With S-300, Patriot & SAMP/T SAMs Moving Away, Furious Slovakia Asks ‘Who Will Guard Our Nuclear Plants’

Italy is set to withdraw its SAMP/T surface-based air defense system from Slovakia, a move that raises concerns about protecting Slovakia’s critical assets such as nuclear power plants, announced Slovak Prime Minister Robert Fico.

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The SAMP/T, designed to safeguard sensitive sites like airports and seaports against various threats, was temporarily deployed to Slovakia last year as a replacement for the US Patriot anti-aircraft system.

The system was integrated into NATO’s defensive structure to bolster collective defense and interoperability along the eastern flank. Currently, 145 Italian soldiers stationed at the Malacky-Kitchen military base in Slovakia operate the SAMP/T Mamba air defense system within NATO’s Forward Presence.

Prime Minister Fico revealed that the Italian government had notified him of the withdrawal, citing the need for the air defense system in other locations. Expressing apprehension, the PM wanted to know who would safeguard Slovakia’s nuclear power plants and strategic targets once the Italian system was removed.

“And I ask: God, who will guard our nuclear power plants and other strategic targets?” the Prime minister queried.

File Image: SAMP/T

Fico highlighted the context, mentioning that the previous Slovak government had provided Ukraine with a functioning Russian S-300 air defense system.

Although the US-made Patriot systems briefly appeared in Slovakia, they were withdrawn. The impending departure of the Italian system leaves Slovakia without an alternative for protecting its airspace, raising serious security concerns.

Recently, the country’s Defense Minister Robert Kalinak also criticized the decision to provide military assistance to Ukraine at the expense of Slovakia’s security.

Kalinak said the previous government’s failure to secure replacements for crucial military hardware surrendered to Ukraine could have long-term repercussions, potentially taking years to address.

Since assuming office in September last year, Fico, known for his skepticism towards the Western stance on the Ukraine conflict, halted Slovakia’s military aid to Kyiv. In a recent social media statement, he pledged not to deploy Slovak troops to Ukraine, even if it jeopardized his premiership.

Slovakia’s Military Assistance To Ukraine  

Slovakia, under a previous center-right government, was the first country to provide air defense systems to Ukraine. Collaborating with Poland, it advocated for increased Western military support.

Slovakia delivered S-300 air-defense missiles and 13 Soviet-era Mig-29 fighter jets to Ukraine when others were still deliberating their course of action.

At that time, the then-Defense Minister urged the Slovak people to reflect on their past. “During World War II, Slovakia – then part of Czechoslovakia – expected other countries to help it stand against Nazi Germany, which it couldn’t do on its own,” he said.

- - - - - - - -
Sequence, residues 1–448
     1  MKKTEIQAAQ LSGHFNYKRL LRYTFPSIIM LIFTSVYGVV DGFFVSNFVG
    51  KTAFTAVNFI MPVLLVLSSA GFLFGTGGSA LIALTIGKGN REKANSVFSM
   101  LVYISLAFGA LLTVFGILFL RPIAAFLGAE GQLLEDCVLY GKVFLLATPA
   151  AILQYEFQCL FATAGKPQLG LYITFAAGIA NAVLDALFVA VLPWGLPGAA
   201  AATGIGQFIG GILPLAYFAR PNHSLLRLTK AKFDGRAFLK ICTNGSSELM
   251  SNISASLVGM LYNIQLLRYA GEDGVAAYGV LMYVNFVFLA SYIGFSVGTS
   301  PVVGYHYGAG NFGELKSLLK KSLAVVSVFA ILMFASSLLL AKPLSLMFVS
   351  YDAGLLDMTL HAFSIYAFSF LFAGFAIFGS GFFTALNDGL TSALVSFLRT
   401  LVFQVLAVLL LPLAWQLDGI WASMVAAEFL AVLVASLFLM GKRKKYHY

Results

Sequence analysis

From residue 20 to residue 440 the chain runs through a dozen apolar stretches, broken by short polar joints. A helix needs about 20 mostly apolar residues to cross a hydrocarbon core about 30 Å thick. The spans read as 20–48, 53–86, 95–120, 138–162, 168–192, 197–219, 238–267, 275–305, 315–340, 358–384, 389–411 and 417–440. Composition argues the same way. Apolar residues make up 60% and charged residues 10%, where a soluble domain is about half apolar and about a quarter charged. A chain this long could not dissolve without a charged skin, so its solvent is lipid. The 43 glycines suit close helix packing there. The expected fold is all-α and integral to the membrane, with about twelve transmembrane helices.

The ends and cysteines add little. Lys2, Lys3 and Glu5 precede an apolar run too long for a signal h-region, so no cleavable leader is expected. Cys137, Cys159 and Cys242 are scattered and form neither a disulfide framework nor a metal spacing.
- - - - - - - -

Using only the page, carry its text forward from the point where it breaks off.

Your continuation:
However, Slovakia’s arsenal of expendable weapons and warplanes diminished significantly due to contributions to Ukraine, limiting its capacity for further assistance.

Then, in the October 2023 general elections, Robert Fico came to power, securing a narrow victory. Campaigning on a pledge to refrain from sending any ammunition to Ukraine, his Smer party, originally Left-leaning, shifted towards Right-wing stances on immigration and cultural issues, aligning with pro-Russian forces in response to the pro-Ukrainian positions of political rivals.

MiG-29 Slovakia – Wikimedia Commons

Fico has consistently opposed sanctions on Russia, asserting that military aid would prolong the conflict, and advocated for peace talks, emphasizing that continued violence would not benefit anyone.

On November 8, 2023, Slovakia’s government, led by Fico, declined to provide Ukraine with a 14th package of military assistance worth 40.3 million Euros, previously approved by the country’s former Minister of Defense.

The stated reason was that Ukraine had already received 13 packages totaling 671 million Euros, which included not only military aid but also humanitarian assistance such as medical supplies and fuel.

Yet, despite initial reluctance, Fico softened his stance in January 2024 and assured Ukrainian Prime Minister Denys Shmyhal of continued support for Ukraine’s EU accession and committed not to obstruct €50 billion in EU financial aid.

Slovakia stands out as one of the select NATO members that has collaborated with Ukraine to jointly produce crucial weaponry.

Teaming up with Ukraine’s private manufacturer, the Kramatorsk Heavy Duty Machine Tool Building Plant (KZVV), Slovak-owned Konstrukta-Defence is actively involved in the joint development of a new 155 mm self-propelled howitzer. This endeavor combines Slovak technical expertise with insights from Ukraine’s battlefield experiences.

The Speaker of the Slovak Parliament, Peter Pellegrini, clarified in January that the country would uphold private defense contracts but affirmed that military aid would not be dispatched to Ukraine from the national army warehouses.